Published: Thu, November 01, 2018
Markets | By Otis Pena

Hyundai and Kia to introduce solar roof charging system

Hyundai and Kia to introduce solar roof charging system

The first-generation system, which be available from next year, will feature a silicone photovoltaic solar array attached to a standard roof on hybrid cars.

Third generation technology will see a lightweight solar panel roof made for battery electric vehicles.

Hyundai Motor Company and Kia Motors announced in a press release Wednesday that they are working together on solar charging technology for integration into hybrid, electric, and internal combustion vehicles.

Hyundai is hoping the systems will be able to improve real-world fuel economy, improve their efficiency and reduce Carbon dioxide emissions. These include those powered by conventional internal combustion engines (ICE), hybrid, and battery electric vehicles, with the aim of increasing fuel efficiency and range. As the hybrid auto is parked, this roof will have the ability to charge 30 percent to 60 percent of its battery during the course of a day, depending on current weather conditions. The scheme will see Hyundai Motor Group develop three types of its own solar roof systems, including a semi-transparent panel which won't force drivers to sacrifice a sunroof.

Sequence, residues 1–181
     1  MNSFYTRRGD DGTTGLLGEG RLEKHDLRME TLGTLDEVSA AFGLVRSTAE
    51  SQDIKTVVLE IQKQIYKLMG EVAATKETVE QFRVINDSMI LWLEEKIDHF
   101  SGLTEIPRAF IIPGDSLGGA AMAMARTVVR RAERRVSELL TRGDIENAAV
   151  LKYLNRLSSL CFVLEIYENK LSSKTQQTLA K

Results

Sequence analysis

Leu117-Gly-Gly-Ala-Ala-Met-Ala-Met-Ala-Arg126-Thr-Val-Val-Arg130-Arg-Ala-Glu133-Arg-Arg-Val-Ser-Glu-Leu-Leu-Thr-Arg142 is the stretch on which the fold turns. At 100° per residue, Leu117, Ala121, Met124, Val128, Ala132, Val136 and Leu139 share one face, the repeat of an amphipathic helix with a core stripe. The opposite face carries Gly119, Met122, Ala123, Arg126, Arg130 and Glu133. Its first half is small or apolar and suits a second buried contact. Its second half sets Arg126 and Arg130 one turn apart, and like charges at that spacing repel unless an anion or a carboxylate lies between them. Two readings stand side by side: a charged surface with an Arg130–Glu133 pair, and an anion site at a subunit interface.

Tyler Perry is Done Playing Madea after 20 Years
Perry told the interviewer that he filmed her Funeral film two years ago, and he's finally ready to say goodbye to the character. Perry has signed a deal with Viacom that will see him producing content across television, film, and short-form video platforms.

The systems comprise of a solar panel, controller and a battery. Power generated from this type of roof could be used for the air conditioning and seat heating systems. While solar charging panels have been fitted to vehicles previously, including on the Toyota Prius Plug-in, this is believed to be the first time the technology will be applied to an ICE-only auto. The semi-transparent solar panels are applied to a panoramic sunroof, allowing the roof to generate energy while still letting light into the cabin.

The last will be for electric cars and is now in the testing phase.

When a 100W solar panel is equipped, it can produce up to 100Wh of energy (in ideal conditions: summer noon, 1000 W/m2 intensity of radiation).

"It is an exciting development for us, designing a technology for vehicle owners to help them shift from being energy users to being energy producers", he added. And eventually Hyundai and Kia will introduce lightweight solar panels that can be used for the hood or trunk lid of a auto.

Like this: